DREAM Act Draws Bipartisan Support around the Country

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National Immigration Forum www.immigrationforum.org

For Immediate Release
July 21, 2017

DREAM Act Draws Bipartisan Support around the Country

WASHINGTON, D.C. — Thursday’s introduction of the bipartisan DREAM Act has elicited positive responses from faith, business and law enforcement leaders across the country.

The bill, sponsored by Sens. Lindsey Graham (R-South Carolina), Dick Durbin (D-Illinois), Jeff Flake (R-Arizona) and Charles Schumer (D-New York), would allow certain immigrants who were brought to the United States without authorization as children to earn legalized status and eventual citizenship.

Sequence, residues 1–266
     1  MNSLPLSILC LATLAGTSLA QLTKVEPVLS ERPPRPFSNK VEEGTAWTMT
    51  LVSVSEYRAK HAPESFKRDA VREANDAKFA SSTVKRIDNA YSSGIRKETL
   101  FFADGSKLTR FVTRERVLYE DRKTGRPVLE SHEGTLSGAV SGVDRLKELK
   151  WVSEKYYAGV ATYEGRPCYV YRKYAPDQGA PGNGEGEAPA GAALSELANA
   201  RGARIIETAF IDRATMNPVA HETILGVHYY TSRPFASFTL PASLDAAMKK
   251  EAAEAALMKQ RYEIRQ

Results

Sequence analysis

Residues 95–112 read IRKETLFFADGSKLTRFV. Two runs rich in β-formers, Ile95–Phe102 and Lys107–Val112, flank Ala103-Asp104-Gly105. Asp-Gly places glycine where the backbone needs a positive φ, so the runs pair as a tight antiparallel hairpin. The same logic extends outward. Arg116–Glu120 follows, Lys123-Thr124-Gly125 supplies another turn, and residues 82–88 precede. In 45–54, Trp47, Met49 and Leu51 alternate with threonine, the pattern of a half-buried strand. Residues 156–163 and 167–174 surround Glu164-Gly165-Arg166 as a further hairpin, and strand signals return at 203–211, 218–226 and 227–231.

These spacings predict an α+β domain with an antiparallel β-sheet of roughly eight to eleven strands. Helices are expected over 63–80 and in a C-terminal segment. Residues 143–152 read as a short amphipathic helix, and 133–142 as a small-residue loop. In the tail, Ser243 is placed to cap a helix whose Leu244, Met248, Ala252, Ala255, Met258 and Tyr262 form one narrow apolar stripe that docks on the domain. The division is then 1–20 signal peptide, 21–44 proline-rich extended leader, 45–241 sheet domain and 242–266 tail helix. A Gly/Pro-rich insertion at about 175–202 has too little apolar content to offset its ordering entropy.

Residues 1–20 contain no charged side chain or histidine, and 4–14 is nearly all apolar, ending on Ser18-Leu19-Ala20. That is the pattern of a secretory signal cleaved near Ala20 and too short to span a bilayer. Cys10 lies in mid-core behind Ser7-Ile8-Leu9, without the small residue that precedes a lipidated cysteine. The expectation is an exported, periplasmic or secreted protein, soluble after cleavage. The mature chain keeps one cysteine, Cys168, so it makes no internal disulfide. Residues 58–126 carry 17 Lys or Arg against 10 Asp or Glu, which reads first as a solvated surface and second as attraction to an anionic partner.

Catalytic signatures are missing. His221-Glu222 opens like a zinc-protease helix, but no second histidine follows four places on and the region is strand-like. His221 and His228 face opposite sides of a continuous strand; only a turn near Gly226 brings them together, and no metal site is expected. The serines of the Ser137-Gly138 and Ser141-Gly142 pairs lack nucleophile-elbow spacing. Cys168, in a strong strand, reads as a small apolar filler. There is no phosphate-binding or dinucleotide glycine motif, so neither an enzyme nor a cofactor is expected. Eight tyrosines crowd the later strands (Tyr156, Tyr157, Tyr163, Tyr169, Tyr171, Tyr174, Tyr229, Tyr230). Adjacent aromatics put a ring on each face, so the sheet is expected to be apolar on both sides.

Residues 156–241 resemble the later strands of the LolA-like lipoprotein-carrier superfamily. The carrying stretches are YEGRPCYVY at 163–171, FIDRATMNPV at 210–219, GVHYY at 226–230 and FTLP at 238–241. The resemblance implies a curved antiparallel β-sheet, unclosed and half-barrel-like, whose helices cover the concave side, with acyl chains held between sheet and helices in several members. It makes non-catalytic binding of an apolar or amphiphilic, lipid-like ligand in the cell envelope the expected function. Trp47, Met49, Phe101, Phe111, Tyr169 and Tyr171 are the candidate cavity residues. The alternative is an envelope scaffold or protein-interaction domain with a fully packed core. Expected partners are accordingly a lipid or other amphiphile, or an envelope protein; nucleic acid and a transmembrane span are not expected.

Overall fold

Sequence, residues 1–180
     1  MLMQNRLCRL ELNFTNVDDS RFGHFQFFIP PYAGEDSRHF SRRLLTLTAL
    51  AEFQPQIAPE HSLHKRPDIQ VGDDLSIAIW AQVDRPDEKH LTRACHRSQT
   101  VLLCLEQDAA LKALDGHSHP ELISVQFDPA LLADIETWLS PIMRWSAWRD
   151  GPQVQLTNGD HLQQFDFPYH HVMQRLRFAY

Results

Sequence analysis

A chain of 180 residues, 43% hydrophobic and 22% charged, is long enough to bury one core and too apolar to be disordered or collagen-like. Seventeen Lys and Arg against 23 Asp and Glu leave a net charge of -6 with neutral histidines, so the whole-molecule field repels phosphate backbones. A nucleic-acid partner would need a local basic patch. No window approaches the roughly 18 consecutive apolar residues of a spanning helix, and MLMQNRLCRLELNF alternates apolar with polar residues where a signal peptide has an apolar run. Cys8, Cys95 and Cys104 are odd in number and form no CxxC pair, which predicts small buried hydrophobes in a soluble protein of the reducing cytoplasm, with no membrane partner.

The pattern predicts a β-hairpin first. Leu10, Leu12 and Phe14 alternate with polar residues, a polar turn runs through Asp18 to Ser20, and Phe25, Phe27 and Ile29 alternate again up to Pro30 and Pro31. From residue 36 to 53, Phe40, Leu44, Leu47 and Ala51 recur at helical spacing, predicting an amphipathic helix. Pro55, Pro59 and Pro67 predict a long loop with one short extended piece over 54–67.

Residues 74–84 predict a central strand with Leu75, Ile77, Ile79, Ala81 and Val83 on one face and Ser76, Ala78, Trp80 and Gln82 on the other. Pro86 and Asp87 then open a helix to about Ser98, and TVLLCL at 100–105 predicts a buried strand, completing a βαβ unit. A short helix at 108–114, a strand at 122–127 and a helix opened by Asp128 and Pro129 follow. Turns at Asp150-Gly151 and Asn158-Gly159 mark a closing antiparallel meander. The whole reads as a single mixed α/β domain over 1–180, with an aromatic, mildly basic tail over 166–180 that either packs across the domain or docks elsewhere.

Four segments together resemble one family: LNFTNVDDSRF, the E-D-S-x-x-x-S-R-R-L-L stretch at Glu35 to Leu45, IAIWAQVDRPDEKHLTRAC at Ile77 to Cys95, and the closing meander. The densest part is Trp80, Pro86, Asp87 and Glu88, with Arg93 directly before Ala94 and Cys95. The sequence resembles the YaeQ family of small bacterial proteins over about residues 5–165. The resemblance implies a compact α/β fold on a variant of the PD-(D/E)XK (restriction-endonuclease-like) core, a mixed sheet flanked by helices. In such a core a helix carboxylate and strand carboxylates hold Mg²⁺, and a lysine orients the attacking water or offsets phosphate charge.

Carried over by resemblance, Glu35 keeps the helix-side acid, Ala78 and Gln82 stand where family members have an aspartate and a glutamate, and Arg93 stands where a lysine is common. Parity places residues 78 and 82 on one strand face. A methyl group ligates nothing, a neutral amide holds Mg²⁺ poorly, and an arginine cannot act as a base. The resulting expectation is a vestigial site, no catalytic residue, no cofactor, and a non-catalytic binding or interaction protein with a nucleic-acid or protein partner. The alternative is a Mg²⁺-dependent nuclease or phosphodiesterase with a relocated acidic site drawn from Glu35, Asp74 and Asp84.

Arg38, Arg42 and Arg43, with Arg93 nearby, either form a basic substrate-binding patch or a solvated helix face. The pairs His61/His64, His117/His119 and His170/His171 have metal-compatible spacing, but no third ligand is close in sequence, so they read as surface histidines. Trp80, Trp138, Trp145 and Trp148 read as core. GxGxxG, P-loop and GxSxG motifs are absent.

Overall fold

Provisions in the bill would apply to Dreamers if they graduate from high school or earn a GED; pursue higher education, work lawfully for at least three years or serve in the military; pass background checks; and demonstrate proficiency in English and a knowledge of U.S. history.

Recent videos and an op-ed highlight the contributions of Dreamers in Graham’s home state of South Carolina, as well as North Carolina. Evangelical leaders also recently have spoken out in support of legislative solutions to protect Dreamers.